Welcome back to our five part series on making your money work harder! This series is part of a BIG conversation I had with J where we talked about other ways to invest his money beyond the Bank of Mom.
It sounds a little pretentious, doesn’t it? Keeping track of your “net worth.” Like something only rich people do.
But think about this. If you go on a diet, do you log your meals and calories? What about if you’re training for a marathon? Would you write down your runs and workouts? And if you want to cut back on social media? Would you track your time?
I believe that paying attention and keeping track is vital in any area of your life that you want to improve.
A few years ago when I started to get my financial life in order, someone on Reddit recommended the Mad Fientist’s financial independence spreadsheet. So in March of 2016, I downloaded a copy and made my first entries.
I still keep track every month, and my net worth has increased by 66%.
In less than two years.
66% is WELL beyond the rate I earned anywhere else by far.
Our spreadsheet (is awesome)
Like I said, I’ve only been recording the balances across all of my accounts for about two years. As time passes and I collect more data, I’m able to see where I’m making progress.
Imagine if I had started when I was 9.
To that end, I created a simple Google sheet for J. There’s a column for each month, a row for each account and some totals at the bottom. His has the following rows:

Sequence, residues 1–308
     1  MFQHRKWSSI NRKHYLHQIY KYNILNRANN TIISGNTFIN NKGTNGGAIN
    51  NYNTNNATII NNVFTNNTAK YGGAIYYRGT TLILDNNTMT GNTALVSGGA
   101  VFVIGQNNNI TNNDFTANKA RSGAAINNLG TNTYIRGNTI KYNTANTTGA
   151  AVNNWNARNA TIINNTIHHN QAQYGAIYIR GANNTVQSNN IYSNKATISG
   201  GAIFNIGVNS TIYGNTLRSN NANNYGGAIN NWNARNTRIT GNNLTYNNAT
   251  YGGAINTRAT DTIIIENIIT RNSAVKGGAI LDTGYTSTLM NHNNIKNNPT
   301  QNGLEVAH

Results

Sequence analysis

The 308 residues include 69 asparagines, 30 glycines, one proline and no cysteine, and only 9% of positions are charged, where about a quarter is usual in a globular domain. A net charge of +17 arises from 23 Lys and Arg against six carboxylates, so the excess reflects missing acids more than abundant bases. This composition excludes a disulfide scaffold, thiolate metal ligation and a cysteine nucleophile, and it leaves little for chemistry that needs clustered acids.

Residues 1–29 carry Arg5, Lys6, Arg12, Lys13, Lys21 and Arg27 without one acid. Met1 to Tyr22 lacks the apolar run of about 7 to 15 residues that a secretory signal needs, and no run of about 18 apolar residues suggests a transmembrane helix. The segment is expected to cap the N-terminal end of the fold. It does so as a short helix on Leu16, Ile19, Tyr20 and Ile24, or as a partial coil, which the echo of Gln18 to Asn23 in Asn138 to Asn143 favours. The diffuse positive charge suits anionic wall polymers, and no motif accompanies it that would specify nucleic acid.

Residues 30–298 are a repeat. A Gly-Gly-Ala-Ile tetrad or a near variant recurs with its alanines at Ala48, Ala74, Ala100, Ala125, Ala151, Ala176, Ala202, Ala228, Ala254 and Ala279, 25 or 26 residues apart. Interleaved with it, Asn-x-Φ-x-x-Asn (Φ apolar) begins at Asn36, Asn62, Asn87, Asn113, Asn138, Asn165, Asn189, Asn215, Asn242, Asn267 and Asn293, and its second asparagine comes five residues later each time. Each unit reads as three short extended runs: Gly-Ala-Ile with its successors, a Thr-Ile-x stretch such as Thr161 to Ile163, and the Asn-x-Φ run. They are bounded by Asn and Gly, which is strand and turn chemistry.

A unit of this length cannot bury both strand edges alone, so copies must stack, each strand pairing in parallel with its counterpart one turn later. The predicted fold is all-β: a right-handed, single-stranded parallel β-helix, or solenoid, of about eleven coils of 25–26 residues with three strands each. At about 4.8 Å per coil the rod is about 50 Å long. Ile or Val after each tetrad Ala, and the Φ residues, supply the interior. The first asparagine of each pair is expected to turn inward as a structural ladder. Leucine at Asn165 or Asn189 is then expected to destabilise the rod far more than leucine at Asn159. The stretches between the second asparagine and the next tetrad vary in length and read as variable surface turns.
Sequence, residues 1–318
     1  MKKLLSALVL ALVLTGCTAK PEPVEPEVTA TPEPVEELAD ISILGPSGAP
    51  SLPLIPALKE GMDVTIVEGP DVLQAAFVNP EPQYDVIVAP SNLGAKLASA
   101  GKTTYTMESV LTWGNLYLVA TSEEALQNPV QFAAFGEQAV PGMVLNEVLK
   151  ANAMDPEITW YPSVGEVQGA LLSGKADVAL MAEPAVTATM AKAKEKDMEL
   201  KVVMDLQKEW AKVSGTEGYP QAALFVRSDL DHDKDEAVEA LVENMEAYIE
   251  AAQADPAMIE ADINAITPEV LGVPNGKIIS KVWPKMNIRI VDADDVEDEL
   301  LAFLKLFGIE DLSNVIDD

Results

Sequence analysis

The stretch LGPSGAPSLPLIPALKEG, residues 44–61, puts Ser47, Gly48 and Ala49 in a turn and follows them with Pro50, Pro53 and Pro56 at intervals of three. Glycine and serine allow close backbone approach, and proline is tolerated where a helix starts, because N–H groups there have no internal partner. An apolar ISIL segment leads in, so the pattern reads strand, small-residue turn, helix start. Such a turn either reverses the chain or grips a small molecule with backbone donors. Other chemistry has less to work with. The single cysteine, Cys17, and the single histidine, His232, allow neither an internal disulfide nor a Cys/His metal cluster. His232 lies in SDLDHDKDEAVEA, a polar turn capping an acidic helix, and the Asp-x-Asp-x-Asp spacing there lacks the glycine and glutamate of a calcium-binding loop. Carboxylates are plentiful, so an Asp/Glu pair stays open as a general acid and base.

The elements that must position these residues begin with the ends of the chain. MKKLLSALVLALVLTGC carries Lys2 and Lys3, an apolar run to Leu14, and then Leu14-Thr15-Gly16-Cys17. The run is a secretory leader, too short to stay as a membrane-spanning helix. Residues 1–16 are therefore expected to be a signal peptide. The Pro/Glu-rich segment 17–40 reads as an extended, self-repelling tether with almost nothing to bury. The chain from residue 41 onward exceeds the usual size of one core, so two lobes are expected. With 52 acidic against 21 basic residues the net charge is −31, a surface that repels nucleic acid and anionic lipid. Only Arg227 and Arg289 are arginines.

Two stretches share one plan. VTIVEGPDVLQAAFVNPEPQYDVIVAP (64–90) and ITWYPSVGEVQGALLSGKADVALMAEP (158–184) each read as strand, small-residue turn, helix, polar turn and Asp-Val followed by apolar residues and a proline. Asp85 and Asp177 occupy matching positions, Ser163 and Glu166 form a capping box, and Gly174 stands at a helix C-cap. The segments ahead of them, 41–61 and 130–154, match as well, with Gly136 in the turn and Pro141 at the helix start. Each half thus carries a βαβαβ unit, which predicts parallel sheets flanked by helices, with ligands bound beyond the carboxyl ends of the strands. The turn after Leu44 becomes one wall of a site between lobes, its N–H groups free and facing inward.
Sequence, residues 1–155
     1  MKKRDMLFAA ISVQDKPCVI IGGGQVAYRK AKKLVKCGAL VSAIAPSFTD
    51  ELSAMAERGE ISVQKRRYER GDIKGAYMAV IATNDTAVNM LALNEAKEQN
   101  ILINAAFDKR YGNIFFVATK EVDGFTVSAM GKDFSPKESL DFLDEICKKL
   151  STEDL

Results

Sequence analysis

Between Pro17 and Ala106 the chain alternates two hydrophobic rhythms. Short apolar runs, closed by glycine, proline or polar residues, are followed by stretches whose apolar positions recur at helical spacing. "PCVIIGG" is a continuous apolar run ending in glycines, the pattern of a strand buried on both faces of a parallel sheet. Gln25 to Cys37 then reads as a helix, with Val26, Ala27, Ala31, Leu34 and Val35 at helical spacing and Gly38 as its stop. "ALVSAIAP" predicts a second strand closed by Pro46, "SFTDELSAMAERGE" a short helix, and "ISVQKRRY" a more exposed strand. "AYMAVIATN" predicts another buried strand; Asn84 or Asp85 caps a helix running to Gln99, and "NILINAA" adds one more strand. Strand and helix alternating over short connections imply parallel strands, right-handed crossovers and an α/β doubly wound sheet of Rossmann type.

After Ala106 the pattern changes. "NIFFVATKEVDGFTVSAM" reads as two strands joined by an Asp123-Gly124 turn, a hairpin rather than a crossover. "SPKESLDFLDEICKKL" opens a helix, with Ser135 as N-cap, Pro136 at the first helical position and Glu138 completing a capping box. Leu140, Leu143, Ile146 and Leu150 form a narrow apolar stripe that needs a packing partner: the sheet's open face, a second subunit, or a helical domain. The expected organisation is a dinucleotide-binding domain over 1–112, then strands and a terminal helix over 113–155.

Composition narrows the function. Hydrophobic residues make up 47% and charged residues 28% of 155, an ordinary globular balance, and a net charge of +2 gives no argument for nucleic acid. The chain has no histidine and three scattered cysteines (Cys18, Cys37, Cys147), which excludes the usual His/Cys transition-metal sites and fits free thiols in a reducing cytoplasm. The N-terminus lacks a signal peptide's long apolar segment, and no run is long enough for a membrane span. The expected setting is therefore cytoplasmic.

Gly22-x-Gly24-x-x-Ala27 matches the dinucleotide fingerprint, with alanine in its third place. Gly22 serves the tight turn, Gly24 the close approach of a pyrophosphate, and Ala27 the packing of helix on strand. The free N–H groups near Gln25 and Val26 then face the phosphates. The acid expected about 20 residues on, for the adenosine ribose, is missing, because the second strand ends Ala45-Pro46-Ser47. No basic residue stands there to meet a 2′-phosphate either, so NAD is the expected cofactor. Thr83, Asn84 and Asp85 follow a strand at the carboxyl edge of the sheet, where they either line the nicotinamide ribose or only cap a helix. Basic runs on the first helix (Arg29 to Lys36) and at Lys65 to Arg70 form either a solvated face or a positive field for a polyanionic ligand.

- Cash in saving
- Cash in spending
- Cash in giving
- Local bank savings
- Online bank savings
- Current value of savings bonds
- Current value of CD
- Current value of stocks at Stockpile
- Current value of college fund
Not including the college fund, he has over $2,000.
Having a few dollars here and there is good, but seeing the sum total can be powerful.
Filling in the spreadsheet each month is easy and only takes about 10 minutes. We also get 10 minutes of talking time while we’re filling it out, which is important.
(On our first round of entries, I threw in a mini-lesson about liquid assets — money you can get your hands on quickly vs. illiquid assets — money you can’t get to quite as easily or there’s a penalty to get and why those terms are important. Always with the lessons!)
Everyone is doing it
In addition to the Mad Fientist who I mentioned above, there are other personal finance bloggers who believe in the power of keeping track. Bill at familyfinancefavs.com takes a more in-depth approach with his teens. Jim at wallethacks.com talks in detail about how they keep track of their net worth. And Kathryn at makingyourmoneymatter.com not only has a ton of classes, but one specifically for creating a net worth statement (and they’re free).
Our spreadsheet is super easy and compact, but you’ll find their examples to be a bit more comprehensive. You can also customize your spreadsheet (if you choose to do one) to track whatever you like in any format you like.
Do you track your net worth? Have any spreadsheets or tips and tricks you want to share? Leave a comment below!
February 2022 update: J and I have been updating our net worth sheets for a few years now. He now has 7 times what he had four years ago (not including his college fund). My net worth has continued to rise as well — again, just by paying attention.